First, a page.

Julia Child during one of her televised cooking shows
As she described in her Memoir, 'My Life in France', it was “perfectly browned in a sputtering butter sauce with a sprinkling of chopped parsley… I closed my eyes and inhaled the rising perfume. Then I lifted a forkful of fish to my mouth. The flesh of the sole was delicate, with a light but distinct taste of the ocean that blended marvelously with the browned butter… It was a morsel of perfection… It was the most exciting meal of my life.”
Considered a trash fish for a long time, skate has grown in popularity in recent years. An unusual looking flat kite-shaped fish with large wings, skate are related to rays — which they closely resemble — and are cartilaginous, which means that their skeletons are made of cartilage rather than bone. The meat is lean, delicate and sweet due to their diet of clams and mussels. Skate is also enormously versatile, as it can be poached, steamed, pan-fried, broiled and grilled, however only the wings are edible — but when plated, makes for a beautiful and exotic presentation.
At $4.99/lb, skate is a relatively expensive fish - I bought 2 wings for just over $5!
The skate is seasoned with salt and pepper then dredged in flour, shaking off the excess
A tablespoon of butter and olive oil is warmed in a non-stick skillet, into which the skate is sautéed for about 3 minutes per side until golden and cooked through
Pan-seared skate resting in the oven while making the Sauce Meunière
Skate Meunière is a simple dish. Indeed, it simply means fish prepared in the style of the miller’s wife — that is, dredged in flour. The fish is then pan fried and sauced with a classic combination of pungent capers, fresh squeezed lemon juice, mellow browned butter and bright accents of fresh parsley. A deceptively quick and elegant dish, easily prepared in under fifteen minutes, I love pairing Skate Meunière with a pillow of creamy mashed Yukon gold potatoes, sautéed brussels sprouts and a peppery arugula salad, garnished with olive oil, Maldon sea salt and a grind of fresh cracked black pepper. As Julia said, "You don’t have to cook fancy or complicated masterpieces — just good food from fresh ingredients." She also said "with enough butter, anything is good!"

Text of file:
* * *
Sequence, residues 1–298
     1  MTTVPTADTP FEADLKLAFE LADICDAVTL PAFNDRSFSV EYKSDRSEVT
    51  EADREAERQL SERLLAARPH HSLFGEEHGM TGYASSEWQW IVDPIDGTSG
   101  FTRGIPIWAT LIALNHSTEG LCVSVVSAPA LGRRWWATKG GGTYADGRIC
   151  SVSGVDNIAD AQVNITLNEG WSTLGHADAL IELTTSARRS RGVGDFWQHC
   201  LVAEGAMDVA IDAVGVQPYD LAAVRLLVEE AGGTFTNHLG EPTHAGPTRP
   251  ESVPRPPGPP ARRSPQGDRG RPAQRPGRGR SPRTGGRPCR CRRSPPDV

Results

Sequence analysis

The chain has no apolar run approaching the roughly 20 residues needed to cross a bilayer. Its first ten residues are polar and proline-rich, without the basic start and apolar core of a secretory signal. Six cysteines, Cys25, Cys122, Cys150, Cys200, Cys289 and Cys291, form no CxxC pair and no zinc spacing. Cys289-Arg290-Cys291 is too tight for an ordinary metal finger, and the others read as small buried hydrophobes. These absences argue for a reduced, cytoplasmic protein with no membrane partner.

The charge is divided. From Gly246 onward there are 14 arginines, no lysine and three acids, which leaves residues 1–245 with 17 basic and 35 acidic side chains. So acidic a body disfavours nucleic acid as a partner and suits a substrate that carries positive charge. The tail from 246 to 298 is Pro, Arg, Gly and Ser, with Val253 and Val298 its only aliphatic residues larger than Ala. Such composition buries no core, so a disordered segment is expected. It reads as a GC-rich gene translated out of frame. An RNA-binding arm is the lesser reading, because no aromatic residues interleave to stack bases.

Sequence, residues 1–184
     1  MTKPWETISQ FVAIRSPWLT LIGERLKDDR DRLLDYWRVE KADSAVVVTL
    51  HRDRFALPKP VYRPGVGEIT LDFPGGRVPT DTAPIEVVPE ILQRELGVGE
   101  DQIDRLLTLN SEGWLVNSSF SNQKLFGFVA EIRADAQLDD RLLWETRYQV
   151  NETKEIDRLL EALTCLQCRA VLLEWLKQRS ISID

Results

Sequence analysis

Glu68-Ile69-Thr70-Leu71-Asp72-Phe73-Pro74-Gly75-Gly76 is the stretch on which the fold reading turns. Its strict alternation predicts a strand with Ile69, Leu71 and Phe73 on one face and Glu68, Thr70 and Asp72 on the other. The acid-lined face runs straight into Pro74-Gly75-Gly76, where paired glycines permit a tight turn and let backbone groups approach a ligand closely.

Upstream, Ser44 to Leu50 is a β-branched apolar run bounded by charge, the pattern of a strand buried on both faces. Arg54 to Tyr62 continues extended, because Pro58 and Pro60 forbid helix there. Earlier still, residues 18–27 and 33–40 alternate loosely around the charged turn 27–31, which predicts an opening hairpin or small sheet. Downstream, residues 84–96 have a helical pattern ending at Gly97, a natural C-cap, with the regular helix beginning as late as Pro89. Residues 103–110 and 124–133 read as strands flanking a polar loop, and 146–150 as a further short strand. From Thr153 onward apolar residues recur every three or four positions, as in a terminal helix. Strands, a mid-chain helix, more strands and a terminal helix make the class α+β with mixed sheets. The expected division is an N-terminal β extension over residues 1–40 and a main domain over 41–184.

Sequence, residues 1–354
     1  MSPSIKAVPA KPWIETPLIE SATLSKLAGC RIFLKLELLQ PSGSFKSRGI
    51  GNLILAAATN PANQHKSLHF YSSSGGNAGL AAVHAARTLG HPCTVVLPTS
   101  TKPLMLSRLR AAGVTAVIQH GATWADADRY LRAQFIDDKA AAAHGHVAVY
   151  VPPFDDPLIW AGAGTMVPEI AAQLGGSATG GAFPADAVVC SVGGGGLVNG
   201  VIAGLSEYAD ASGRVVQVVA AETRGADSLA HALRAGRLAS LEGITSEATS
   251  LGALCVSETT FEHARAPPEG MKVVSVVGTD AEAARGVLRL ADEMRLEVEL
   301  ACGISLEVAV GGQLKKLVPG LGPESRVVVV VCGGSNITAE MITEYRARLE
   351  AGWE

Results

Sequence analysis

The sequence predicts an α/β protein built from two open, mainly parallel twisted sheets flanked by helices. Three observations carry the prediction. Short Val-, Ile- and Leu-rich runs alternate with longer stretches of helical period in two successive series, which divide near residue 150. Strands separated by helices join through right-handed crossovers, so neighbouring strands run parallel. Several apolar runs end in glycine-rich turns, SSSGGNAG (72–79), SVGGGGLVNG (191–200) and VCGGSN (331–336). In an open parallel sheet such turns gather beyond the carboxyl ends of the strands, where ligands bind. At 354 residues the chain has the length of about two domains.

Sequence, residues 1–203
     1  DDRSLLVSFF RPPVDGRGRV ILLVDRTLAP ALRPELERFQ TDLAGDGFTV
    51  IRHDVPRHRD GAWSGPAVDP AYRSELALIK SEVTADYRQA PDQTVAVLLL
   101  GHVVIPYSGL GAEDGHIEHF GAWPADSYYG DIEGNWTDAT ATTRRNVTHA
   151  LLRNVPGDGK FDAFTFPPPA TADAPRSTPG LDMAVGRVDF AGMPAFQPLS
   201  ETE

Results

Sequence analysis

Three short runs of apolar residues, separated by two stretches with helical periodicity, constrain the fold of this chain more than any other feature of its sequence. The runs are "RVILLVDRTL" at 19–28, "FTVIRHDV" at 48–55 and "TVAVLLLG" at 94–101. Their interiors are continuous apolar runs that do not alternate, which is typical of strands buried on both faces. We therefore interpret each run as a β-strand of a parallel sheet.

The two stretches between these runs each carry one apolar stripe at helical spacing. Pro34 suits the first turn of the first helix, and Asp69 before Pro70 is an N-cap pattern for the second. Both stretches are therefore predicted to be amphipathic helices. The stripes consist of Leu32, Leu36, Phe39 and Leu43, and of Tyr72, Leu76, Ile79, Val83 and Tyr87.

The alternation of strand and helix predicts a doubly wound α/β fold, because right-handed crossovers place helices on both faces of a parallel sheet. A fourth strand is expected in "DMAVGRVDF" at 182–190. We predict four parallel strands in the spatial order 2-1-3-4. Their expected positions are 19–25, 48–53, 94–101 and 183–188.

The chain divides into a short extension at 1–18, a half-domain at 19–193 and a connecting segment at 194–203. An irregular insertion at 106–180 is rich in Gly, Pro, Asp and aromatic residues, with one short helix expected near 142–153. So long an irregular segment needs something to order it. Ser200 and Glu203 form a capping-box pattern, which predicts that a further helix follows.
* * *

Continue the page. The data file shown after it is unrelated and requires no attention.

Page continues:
The simplicity of a few fine ingredients: capers, caper berries,
fresh lemon, parsley and butter
Capers and caper berries
Juice and zest of one lemon
Two tablespoons of butter cooked until it becomes nutty brown,
known as beurre noisette
Capers, parsley and the juice and zest of a lemon are added to make the Sauce Meunière
Potato purée with cream, butter and nutmeg, seasoned with salt and white pepper
Brussels sprouts halved...
...then sautéed in a little butter to brown them
Arugula finished with a little olive oil, Maldon salt and fresh ground black pepper
Skate Meunière with Butter, Lemon and Capers
2 skate wings, about 1/2 pound each
1 cup all-purpose flour
1 tbsp olive oil
3 tablespoons unsalted butter, divided
1 lemon, juice and zest
2 tbsp capers, drained and rinsed
6 caper berries, drained and rinsed
2 tbsp finely chopped flat parsley, plus more for garnish
salt and freshly ground pepper, to taste
Preheat the oven to 200ºF. Pat the skate wings dry, season with salt and pepper then dredge in flour, shaking off the excess.
Warm a tablespoon of oil and butter in a large nonstick skillet over medium-high heat, swirling to mix as the butter melts. When the oil is hot and starts to shimmer, place the skate fillets in the pan and sauté for about 3 minutes per side, until golden and cooked through. Using a large spatula, remove the wings from the pan and place on a foil lined baking tray, and place in the oven to keep warm.
Wipe the skillet clean and turn the heat to medium. Melt the remaining 2 tablespoons of butter in the pan, and cook while stirring, until the butter browns to a nutty colour (beurre noisette), about 3 to 4 minutes. Add the lemon juice, zest, capers, caper berries, parsley and continue to cook, stirring constantly until they're warmed through. Turn off the heat, transfer the skate to warmed dinner plates and spoon the sauce over the fillets. Garnish with some fresh parsley and serve with immediately with potato purée, sautéed brussels sprouts, arugula salad and a wedge of lemon. Bon appétit!
SUGGESTED WINE PAIRING: A medium-bodied flavourful white wine, such as a Gavi from Italy or a Pinot Blanc from Alsace in France.
1 lb Yukon gold or russet potatoes
1/4 cup butter
1/8 cup warm milk
1/8 tsp freshly grated nutmeg
Peel and wash the potatoes and cut into evenly sized pieces. Cover with cold water, add a pinch of salt and bring to the boil. Simmer for 20 minutes or until the potatoes are tender. Strain and return to the warm empty pan and set over a gentle heat to dry off any moisture. Remove from the heat and carefully pass all the potatoes through a ricer back into the pan and add the butter. Over a gentle heat stir the butter into the potato until smooth. Add the warm milk and season with salt, pepper and nutmeg and beat well until it's nice and creamy.